This original research article was published in Frontiers in Genetics in July 2022:
Precise, Genotype-First Breast Cancer Prevention: Experience With Transferring Monogenic Findings From a Population Biobank to the Clinical Setting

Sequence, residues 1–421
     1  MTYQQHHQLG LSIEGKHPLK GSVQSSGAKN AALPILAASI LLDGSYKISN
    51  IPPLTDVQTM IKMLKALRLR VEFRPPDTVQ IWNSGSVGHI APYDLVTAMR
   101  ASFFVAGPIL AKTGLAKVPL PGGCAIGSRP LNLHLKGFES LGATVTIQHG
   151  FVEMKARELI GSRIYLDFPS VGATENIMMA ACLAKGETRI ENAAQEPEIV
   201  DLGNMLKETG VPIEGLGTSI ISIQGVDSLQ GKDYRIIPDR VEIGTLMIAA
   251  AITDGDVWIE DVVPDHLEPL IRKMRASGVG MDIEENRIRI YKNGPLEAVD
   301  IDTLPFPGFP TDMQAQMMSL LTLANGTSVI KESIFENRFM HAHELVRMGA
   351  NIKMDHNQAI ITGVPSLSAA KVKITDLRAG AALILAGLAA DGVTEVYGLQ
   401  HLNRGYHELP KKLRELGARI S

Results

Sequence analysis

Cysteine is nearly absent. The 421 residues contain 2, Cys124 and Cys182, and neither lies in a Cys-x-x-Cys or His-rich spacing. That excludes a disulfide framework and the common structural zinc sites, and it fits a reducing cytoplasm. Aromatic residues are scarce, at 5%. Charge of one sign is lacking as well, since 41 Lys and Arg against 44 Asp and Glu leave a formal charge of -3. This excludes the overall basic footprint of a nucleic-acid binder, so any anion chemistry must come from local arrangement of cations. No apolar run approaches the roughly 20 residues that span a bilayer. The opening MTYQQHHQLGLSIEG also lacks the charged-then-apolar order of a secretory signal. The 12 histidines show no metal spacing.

Although hereditary breast cancer screening and management are well accepted and established in clinical settings, these efforts result in the detection of only a fraction of genetic predisposition at the population level. Here, we describe our experience from a national pilot study (2018–2021) in which 180 female participants of Estonian biobank (of >150,000 participants in total) were re-contacted to discuss personalized clinical prevention measures based on their genetic predisposition defined by 11 breast cancer–related genes. Our results show that genetic risk variants are relatively common in the average-risk Estonian population. Seventy-five percent of breast cancer cases in at-risk subjects occurred before the age of 50 years. Only one-third of subjects would have been eligible for clinical screening according to the current criteria. The participants perceived the receipt of genetic risk information as valuable. Fluent cooperation of project teams supported by state-of-art data management, quality control, and secure transfer can enable the integration of research results to everyday medical practice in a highly efficient, timely, and well-accepted manner. The positive experience in this genotype-first breast cancer study confirms the value of using existing basic genomic data from population biobanks for precise prevention.